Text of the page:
James Stewart plays "Truck" Cross an enlisted soldier who has been accepted into the Unites States Naval Academy at Annapolis, Maryland. Truck meets Roger "Rog" Ash (Robert Young)and ...
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This is a story about family relationships, set in the time before and during the American Civil War. Ethan Wilkins is a poor and honest man who ministers to the human soul, while his son ... See full summary »
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James Stewart plays "Truck" Cross an enlisted soldier who has been accepted into the Unites States Naval Academy at Annapolis, Maryland. Truck meets Roger "Rog" Ash (Robert Young)and Richard "Dickie" Gates Junior (Tom Brown). Three very different young men become roommates. Truck Cross has a secret he doesn't want let out. Ash is full of himself and needs to learn to be part of a team. Gates seems to just want to belong to something get away from his mother (played by Billie Burke, whom you will instantly remember as Glinda the Good Witch) The boys make it through their Plebe year (Freshman) year, and into the Sophomore year is when the plot really begins to thicken, Truck's secret is found out, and the outcome could mean expulsion, Ash thinks he's not Navy at all and it could lead to expulsion as well, Captain Dawes (played by the incomparable Lionel Barrymore) always seems to be in the right place at the right time to help make things happen for this threesome. Will the three of ...Written by
The sculpture of an indian was the figurehead of USS Delaware which was burned in 1861 at the Gosport Navy Yard to prevent its capture by the Confederacy at the start of the Civil War. In 1868, the saved figurehead, officially titled Tamanend, Chief of the Delaware Indians, was transferred to the United States Naval Academy. In 1929 the sculpture was cast in bronze at the U.S. Naval Gun Factory, and presented by the Class of 1891. As Tamanend was a pacifist and friend to William Penn he did not inspire the midshipmen of the Academy, and they eventually named the figurehead Tecumseh after the Shawnee warrior chief and ally of the British, who was killed in the Battle of the Thames during the War of 1812. To this day Midshipmen toss pennies at the monument for good luck in their examinations and Army-Navy football games. See more »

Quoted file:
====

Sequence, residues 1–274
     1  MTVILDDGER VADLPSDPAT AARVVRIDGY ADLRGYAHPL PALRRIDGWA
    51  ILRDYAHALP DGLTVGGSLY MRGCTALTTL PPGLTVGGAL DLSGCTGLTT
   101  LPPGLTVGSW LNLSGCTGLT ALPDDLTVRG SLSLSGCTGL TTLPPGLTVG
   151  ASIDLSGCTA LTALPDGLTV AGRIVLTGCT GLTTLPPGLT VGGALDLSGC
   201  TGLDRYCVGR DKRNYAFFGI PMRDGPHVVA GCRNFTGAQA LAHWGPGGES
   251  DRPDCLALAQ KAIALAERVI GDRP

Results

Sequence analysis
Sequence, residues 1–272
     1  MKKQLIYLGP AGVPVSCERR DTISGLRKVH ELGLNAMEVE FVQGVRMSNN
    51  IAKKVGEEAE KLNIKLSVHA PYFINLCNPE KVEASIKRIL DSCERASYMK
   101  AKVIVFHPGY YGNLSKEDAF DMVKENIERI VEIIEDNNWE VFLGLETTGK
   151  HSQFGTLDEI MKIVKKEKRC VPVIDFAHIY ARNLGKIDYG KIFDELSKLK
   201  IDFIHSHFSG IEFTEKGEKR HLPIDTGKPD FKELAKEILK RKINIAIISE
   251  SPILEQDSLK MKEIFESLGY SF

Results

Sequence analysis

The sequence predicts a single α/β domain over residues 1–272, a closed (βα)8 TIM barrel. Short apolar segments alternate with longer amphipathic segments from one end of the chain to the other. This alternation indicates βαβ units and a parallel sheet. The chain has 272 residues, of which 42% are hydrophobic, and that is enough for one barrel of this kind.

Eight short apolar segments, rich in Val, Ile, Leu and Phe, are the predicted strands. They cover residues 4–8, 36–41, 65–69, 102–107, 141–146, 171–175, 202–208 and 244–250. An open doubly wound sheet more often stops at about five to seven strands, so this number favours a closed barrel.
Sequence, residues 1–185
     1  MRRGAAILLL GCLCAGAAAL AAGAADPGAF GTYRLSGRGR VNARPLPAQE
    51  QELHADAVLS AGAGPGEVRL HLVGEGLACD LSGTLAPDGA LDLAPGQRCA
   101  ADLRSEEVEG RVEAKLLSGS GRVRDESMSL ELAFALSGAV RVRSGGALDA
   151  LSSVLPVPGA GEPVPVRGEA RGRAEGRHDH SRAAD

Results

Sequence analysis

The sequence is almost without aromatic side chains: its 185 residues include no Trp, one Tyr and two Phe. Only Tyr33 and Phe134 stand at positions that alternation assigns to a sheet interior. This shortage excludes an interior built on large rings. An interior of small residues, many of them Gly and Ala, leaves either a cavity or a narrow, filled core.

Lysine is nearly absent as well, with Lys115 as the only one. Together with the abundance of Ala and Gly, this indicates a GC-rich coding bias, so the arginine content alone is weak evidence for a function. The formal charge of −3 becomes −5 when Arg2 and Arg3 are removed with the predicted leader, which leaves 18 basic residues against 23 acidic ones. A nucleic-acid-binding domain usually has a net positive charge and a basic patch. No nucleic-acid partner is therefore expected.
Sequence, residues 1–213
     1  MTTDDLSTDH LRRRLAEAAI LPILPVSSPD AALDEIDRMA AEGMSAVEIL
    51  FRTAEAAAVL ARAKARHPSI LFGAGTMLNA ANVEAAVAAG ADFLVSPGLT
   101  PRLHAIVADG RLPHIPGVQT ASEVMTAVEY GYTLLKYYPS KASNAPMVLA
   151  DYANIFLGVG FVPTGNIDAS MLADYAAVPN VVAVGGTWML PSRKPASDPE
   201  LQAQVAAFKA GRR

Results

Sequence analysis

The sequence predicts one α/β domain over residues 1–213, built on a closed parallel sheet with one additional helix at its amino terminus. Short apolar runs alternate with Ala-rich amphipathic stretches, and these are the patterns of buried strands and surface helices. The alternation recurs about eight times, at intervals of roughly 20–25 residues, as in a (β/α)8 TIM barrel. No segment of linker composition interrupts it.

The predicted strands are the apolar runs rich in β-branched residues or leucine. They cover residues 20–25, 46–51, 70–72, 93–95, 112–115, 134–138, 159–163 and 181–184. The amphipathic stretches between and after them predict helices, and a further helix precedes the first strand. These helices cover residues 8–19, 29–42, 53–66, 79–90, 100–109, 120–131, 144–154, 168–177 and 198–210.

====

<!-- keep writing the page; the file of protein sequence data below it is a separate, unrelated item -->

Near the end of the climatic Army-Navy game, Navy scores a touchdown and extra point to tie the score at 7 late in the game. The next scene has Army then kicking off to Navy. This is of course incorrect as Navy would be kicking to Army following the score. See more »
Intellectually speaking, this is a very clichéd film. So many of the typical 1930s and 40s gimmicks for this sort of movie are all present...ALL. Yet, despite this, I really had a hard time disliking the movie. It was highly entertaining and the actors really made it shine.
The film is about three roommates who all have just been admitted to the prestigious US Naval Academy. They are all stereotypes, but the most ridiculously stereotyped is the guy played by Robert Young. I am surprised they didn't nickname him 'Blackie', as he was the archetypal dishonorable bad guy who just doesn't understand or want to understand the importance of teamwork and humility. He's an exceptional football player (despite Young being 30 at the time he played this part) and knows it...and doing it for anyone but himself is out of the question. Tom Brown plays the sweet rich guy who is the embodiment of niceness and pluck--sort of like a Horatio Alger character who is ALREADY rich. He gives up his wealth and status to serve his country--and women who went to see this film must have all felt a tremendous urge to hug him! The final guy is played by Jimmy Stewart. Like Brown, he's an alright guy and gained admittance to the Academy through the ranks--and he's got a secret that comes out late in the film. While receiving second billing, I think this film did a lot more for Stewart's career than for any other in the movie. I thought Brown was also very good, but today he's an all but forgotten actor--and that's a shame.
The film has it all...lots of sentiment, a strong dose of patriotism, an old man who just happens to be on the brink of death when the big game comes up with Westpoint, you name it! In many ways, the film seems even more clichéd and prototypical for a college football film than even "Knute Rockne, All-American"! But, because the dialog, characters and direction are all so good, you can accept the huge doses of sentiment, schmaltz and all the familiar (very familiar) plot devices. Very well done and a must-see for fans of classic films.
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